March 6, 2015
March is National Nutrition Month. While you may know it is important to eat a healthy diet, it isn’t always easy to sort through all of the information available about nutrition and food choices.
Through the National Health and Nutrition Examination Survey (NHANES), NCHS has a program of studies designed to assess the health and nutritional status of adults and children in the United States. The survey is unique in that it combines interviews and physical examinations.
Findings from this survey will be used to determine the prevalence of major diseases and risk factors for diseases. Information will be used to assess nutritional status and its association with health promotion and disease prevention. NHANES findings are also the basis for national standards for such measurements as height, weight, and blood pressure. Data from this survey will be used in epidemiological studies and health sciences research, which help develop sound public health policy, direct and design health programs and services, and expand the health knowledge for the Nation.
Here some recent findings from NHANES on nutrition:
- Almost 40% of adults consumed nuts on a given day.
- More than three-quarters of youth aged 2–19 years (77.1%) consumed fruit on a given day.
- Almost 92% of youth aged 2–19 years consumed vegetables on a given day.
- Nine out of 10 children aged 2–5 years consumed fruit, while only 6 out of 10 adolescents consumed fruit on a given day.
Here are some more links on nutrition:
March 3, 2010
March is National Nutrition month, making it a great time to look at where America stands in its nutrition and diet. One important nutrient is protein, which is essential to the human body because it is part of every cell, issue, and organ, allowing them to grow and repair. Proteins can be found in a variety of foods that we eat on a regular basis and the table below displays the Centers for Disease Control and Prevention’s recommended daily protein intake.
Source: Centers for Disease Control and Prevention; “Nutrition for Everyone”-Protein
However, according to the 2005-2006 National Health and Nutrition Examination Survey (NHANES), both men and women ages 20 and over were taking in much more than the recommended amount of protein. The recommended daily amount of protein is 46 grams for women and 56 grams for men. The NHANES results showed that men were taking in 101.9 grams and women were taking in 70.1 grams. Protein intake contributes to calorie intake: therefore, if you eat more protein than is needed, your overall calorie intake could be greater and potentially lead to weight gain.
For more, visit USDA’s “What We Eat in America.”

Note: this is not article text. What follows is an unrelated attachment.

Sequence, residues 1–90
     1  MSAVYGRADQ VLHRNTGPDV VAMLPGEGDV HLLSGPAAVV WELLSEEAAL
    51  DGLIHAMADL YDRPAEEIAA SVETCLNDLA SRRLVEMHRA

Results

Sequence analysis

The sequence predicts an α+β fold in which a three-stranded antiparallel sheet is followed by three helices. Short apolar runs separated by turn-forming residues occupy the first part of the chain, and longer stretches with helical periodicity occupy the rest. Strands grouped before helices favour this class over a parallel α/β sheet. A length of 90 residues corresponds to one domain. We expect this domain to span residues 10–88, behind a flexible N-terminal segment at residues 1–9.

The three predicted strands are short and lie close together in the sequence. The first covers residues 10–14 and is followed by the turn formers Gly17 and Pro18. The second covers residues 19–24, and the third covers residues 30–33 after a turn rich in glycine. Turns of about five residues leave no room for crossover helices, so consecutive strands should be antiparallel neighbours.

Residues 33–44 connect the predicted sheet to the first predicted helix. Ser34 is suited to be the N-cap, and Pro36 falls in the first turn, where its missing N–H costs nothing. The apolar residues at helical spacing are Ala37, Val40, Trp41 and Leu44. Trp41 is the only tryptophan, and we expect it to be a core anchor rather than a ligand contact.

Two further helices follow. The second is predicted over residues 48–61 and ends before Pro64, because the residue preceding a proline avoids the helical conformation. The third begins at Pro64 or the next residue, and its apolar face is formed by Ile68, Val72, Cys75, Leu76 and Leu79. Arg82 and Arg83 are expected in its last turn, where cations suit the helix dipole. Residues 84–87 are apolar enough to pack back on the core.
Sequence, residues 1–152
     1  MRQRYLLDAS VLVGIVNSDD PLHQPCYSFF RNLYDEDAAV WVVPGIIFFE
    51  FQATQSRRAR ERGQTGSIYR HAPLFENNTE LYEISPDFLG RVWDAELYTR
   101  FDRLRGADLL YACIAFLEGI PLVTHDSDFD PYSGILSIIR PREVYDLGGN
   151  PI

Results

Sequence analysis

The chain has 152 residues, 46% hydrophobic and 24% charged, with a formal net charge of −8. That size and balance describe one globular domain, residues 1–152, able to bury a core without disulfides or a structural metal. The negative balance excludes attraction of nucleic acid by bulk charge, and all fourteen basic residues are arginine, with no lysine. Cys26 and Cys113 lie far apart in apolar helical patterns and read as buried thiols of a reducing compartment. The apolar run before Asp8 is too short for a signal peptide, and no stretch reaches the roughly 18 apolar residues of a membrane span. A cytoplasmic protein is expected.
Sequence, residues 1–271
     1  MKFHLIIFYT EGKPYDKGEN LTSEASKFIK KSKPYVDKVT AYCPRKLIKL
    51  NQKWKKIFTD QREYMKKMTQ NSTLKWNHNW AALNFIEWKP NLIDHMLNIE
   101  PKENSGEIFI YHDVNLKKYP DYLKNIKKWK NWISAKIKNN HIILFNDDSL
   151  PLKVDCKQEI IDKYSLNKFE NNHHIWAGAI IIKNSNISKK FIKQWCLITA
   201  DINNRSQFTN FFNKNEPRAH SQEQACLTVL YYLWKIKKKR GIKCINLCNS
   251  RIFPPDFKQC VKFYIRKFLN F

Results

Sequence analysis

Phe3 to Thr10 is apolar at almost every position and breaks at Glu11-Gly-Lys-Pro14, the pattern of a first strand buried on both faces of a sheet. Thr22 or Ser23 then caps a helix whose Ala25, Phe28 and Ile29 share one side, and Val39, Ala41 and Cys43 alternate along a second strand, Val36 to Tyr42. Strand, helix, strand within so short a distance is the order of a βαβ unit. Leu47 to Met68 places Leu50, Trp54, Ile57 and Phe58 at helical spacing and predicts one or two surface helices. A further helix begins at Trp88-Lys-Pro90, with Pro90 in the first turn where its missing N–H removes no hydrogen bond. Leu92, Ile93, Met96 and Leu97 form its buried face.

January 27, 2010
In 2005–2006, 16% of adults had serum total cholesterol levels of 240 mg/dL or greater (high cholesterol). The good news is that generally, for Americans 20 years of age and over, cholesterol levels are declining. However, this decline was seen for men 40 years and over and for women 60 years and over, with little change between 1999 and 2006 for all other age-sex groups.
What may be most disconcerting is the fact that many U.S. adults may not even know they have high cholesterol, with data from the 2005-2006 National Health and Nutrition Examination Survey finding that 8% of U.S. adults had high cholesterol but had never been told by a health care provider that their cholesterol levels were high. For more data concerning high cholesterol, see the NCHS Data Brief on High Cholesterol. For more information on combating high cholesterol, visit the CDC Webpage on Cholesterol.
August 5, 2009
Recently, the Centers for Disease Control and Prevention has released information concerning the prevalence and costs of the growing epidemic of obesity in the United States. Some of the most critical information concerning the weight of the nation is collected in the National Health and Nutrition Examination Survey (NHANES), which takes actual measurements of a nationally representative sample of the U.S. population.
For the most recent information on obesity and overweight, please visit the Health E-Stat report at http://www.cdc.gov/nchs/products/pubs/pubd/hestats/overweight/overweight_adult.htm.
For a more general overview, visit http://www.cdc.gov/nchs/fastats/overwt.htm.
As always, the NCHS press office can be reached at 301-458-4800.
July 15, 2009
Poor nutrition or underlying health conditions can sometimes cause a person to be underweight. Data from the 2003-2006 National Health and Nutrition Examination Survey (NHANES) showed that an estimated 1.8% of U.S. adults are underweight. Between 1988-1994 and 2003-2006, a statistically significant decrease in the percentage of those underweight was found only among those aged 60 and over. In this age group, the percentage underweight was 2.3% in 1988-1994 and 1.2% in 2003-2006.
For more, visit http://www.cdc.gov/nchs/data/hestat/underweight_adults.htm.
Results from the 2003-2006 NHANES showed that about 3.3% of children and adolescents aged 2-19 years are underweight. Trends from 1971-1974 to 2003-2006 show that there has been an overall significant decrease in underweight children and adolescents, from 5.1% to 3.3%. Underweight significantly decreased from 5.8% to 2.8% among 2-5 year olds and from 5.3% to 2.7% among 6-11 year olds. Among adolescents aged 12-19, underweight decreased, although not significantly, from 4.7% to 3.8% during the same time period.
For more, visit http://www.cdc.gov/nchs/data/hestat/underweight_children.htm.